Meeting News

Thyroid patient education materials not adequately targeted to patient reading level

AUSTIN, Texas — Online patient education materials addressing thyroid cancer are overwhelmingly written at a reading level beyond that recommended by national health care organizations, according to a speaker at the American Association of Clinical Endocrinologists’ Annual Scientific and Clinical Congress.

“The patient education materials available to the patients on thyroid cancer treatment on the most frequently browsed web sites are above the national recommendation [reading] level,” Rashika Bansal, MD, an internal medicine fellow at St. Joseph’s Regional Medical Center/New York College, NJ, said during a presentation.

Rashika Bansal
Rashika Bansal

“There is an extreme need to revise the currently available material for information so that the general population can understand and comprehend these treatment options better and take informed decisions,” she said.

Bansal and colleagues collected materials from the “patients only” sections of health care web sites, including the American Thyroid Association, Harvard Medical School, NIH and Mayo Clinic, among others. Using online readability tools, the researchers compared the readability scores of the materials with those recommended by the American Medical Association and NIH, which suggest reading difficulty should be no higher than a sixth-grade level, and CDC, which suggests an eighth-grade reading level.

The patient education materials included in the study were assessed as “difficult,” “difficult to hard” or at a reading level above the 10th grade by all the tools except one, which assessed the materials as beyond the seventh-grade level.

“Beyond reading level, there’s a health literacy part to this,” S. Sethu Reddy, MD, MBA, FRCPC, FACP, MACE, chief of the adult diabetes section at Joslin Diabetes Center, said during audience discussion. He pointed out a general difficulty among even college-educated patients with following prescription orders and post-surgery procedures. – by Jill Rollet

Reference:

Bansal R, et al. Abstract #722. AACE Annual Scientific and Clinical Congress; May 3-7, 2017; Austin, Texas.

Disclosures: Bansal reports no relevant financial disclosures.

 

AUSTIN, Texas — Online patient education materials addressing thyroid cancer are overwhelmingly written at a reading level beyond that recommended by national health care organizations, according to a speaker at the American Association of Clinical Endocrinologists’ Annual Scientific and Clinical Congress.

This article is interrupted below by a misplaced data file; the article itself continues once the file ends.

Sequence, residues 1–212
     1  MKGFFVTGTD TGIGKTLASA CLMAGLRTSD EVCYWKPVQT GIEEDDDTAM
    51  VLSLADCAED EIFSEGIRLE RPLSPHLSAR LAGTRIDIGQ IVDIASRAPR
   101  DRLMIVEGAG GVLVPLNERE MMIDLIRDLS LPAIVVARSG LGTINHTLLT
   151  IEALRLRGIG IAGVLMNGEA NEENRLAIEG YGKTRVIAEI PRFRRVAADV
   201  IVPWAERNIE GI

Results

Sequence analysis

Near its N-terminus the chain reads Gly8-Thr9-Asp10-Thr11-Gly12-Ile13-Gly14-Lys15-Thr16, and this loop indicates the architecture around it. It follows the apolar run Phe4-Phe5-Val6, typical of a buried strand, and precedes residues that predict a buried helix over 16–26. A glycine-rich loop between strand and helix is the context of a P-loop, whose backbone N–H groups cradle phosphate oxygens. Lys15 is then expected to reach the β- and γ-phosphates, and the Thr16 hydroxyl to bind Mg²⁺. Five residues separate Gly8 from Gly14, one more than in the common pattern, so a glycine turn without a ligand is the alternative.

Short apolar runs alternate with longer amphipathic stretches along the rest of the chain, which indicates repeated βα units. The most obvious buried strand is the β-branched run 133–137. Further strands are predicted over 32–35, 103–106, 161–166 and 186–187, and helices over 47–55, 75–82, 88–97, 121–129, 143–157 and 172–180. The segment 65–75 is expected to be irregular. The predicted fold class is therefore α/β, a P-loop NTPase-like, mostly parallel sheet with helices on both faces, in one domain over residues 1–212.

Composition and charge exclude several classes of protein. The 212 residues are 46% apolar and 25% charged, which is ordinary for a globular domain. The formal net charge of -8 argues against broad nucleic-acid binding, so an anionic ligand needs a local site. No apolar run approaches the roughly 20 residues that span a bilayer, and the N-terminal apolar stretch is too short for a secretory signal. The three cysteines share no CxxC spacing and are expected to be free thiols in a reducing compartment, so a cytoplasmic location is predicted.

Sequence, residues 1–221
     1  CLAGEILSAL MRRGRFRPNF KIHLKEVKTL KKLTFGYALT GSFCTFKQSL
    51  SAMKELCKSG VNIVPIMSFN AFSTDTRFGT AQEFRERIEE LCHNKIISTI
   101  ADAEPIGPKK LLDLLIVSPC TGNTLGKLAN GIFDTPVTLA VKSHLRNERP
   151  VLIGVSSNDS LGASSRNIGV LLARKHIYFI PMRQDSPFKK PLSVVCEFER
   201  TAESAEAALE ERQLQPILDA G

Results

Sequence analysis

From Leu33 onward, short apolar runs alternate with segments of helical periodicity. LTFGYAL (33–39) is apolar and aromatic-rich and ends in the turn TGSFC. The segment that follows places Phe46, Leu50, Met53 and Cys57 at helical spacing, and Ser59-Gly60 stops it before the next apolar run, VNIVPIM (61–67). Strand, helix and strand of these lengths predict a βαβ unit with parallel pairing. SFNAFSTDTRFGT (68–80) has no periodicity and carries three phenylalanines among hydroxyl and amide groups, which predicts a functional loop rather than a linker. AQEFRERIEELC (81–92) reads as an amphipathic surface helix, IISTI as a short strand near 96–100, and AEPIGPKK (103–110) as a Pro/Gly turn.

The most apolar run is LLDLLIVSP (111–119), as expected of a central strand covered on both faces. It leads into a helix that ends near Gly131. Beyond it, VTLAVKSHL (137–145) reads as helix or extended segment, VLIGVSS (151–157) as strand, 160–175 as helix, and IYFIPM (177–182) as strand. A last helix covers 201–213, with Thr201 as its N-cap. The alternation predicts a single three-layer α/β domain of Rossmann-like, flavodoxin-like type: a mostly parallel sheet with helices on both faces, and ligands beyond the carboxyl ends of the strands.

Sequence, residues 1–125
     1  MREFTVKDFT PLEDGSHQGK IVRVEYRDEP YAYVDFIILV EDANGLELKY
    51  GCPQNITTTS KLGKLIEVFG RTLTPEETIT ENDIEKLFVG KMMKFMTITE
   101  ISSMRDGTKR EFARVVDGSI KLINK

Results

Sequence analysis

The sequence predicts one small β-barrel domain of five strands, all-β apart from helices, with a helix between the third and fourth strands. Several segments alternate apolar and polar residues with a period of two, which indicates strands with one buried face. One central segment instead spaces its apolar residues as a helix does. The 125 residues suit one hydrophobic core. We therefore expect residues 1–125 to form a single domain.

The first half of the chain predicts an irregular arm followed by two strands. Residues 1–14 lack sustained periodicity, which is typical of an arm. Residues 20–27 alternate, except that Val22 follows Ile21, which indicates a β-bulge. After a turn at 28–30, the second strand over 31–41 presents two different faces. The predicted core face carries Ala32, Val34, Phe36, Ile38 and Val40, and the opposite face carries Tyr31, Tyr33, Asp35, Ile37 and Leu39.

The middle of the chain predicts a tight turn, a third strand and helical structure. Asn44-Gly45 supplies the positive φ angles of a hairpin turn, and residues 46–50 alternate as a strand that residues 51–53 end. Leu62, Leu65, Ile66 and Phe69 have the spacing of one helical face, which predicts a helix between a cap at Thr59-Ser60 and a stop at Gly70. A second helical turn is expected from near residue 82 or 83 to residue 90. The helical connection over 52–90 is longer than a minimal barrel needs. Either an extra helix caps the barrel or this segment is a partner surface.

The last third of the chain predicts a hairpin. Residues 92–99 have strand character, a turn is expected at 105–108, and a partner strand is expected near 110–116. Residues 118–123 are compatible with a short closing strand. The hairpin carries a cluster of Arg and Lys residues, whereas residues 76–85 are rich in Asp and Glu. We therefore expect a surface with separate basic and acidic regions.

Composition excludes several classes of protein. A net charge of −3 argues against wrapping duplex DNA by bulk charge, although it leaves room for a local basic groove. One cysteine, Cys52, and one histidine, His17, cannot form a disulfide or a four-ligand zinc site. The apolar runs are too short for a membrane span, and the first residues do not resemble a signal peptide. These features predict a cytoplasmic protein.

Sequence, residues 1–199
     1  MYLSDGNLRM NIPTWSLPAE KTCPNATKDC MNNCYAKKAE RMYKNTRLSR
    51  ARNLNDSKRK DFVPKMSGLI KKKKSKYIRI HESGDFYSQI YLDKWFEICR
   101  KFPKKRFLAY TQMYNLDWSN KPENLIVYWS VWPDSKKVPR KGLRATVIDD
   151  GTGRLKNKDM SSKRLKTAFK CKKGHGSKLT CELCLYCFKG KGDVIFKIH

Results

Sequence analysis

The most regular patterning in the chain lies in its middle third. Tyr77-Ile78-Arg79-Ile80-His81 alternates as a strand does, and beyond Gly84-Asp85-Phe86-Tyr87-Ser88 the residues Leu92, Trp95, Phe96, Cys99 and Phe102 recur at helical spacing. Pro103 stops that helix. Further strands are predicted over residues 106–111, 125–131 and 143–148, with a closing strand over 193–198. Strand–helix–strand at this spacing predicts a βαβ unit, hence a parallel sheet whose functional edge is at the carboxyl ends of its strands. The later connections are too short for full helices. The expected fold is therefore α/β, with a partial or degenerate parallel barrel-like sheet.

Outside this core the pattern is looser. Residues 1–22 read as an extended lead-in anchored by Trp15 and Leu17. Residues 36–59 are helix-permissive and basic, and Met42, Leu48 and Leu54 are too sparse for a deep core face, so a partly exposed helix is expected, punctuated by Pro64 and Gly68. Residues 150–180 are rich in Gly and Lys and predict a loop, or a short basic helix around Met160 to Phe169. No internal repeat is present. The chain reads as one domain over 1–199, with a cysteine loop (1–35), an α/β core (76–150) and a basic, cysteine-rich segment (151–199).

“The patient education materials available to the patients on thyroid cancer treatment on the most frequently browsed web sites are above the national recommendation [reading] level,” Rashika Bansal, MD, an internal medicine fellow at St. Joseph’s Regional Medical Center/New York College, NJ, said during a presentation.

Rashika Bansal
Rashika Bansal

“There is an extreme need to revise the currently available material for information so that the general population can understand and comprehend these treatment options better and take informed decisions,” she said.

Bansal and colleagues collected materials from the “patients only” sections of health care web sites, including the American Thyroid Association, Harvard Medical School, NIH and Mayo Clinic, among others. Using online readability tools, the researchers compared the readability scores of the materials with those recommended by the American Medical Association and NIH, which suggest reading difficulty should be no higher than a sixth-grade level, and CDC, which suggests an eighth-grade reading level.

The patient education materials included in the study were assessed as “difficult,” “difficult to hard” or at a reading level above the 10th grade by all the tools except one, which assessed the materials as beyond the seventh-grade level.

“Beyond reading level, there’s a health literacy part to this,” S. Sethu Reddy, MD, MBA, FRCPC, FACP, MACE, chief of the adult diabetes section at Joslin Diabetes Center, said during audience discussion. He pointed out a general difficulty among even college-educated patients with following prescription orders and post-surgery procedures. – by Jill Rollet

Reference:

Bansal R, et al. Abstract #722. AACE Annual Scientific and Clinical Congress; May 3-7, 2017; Austin, Texas.

Disclosures: Bansal reports no relevant financial disclosures.

 

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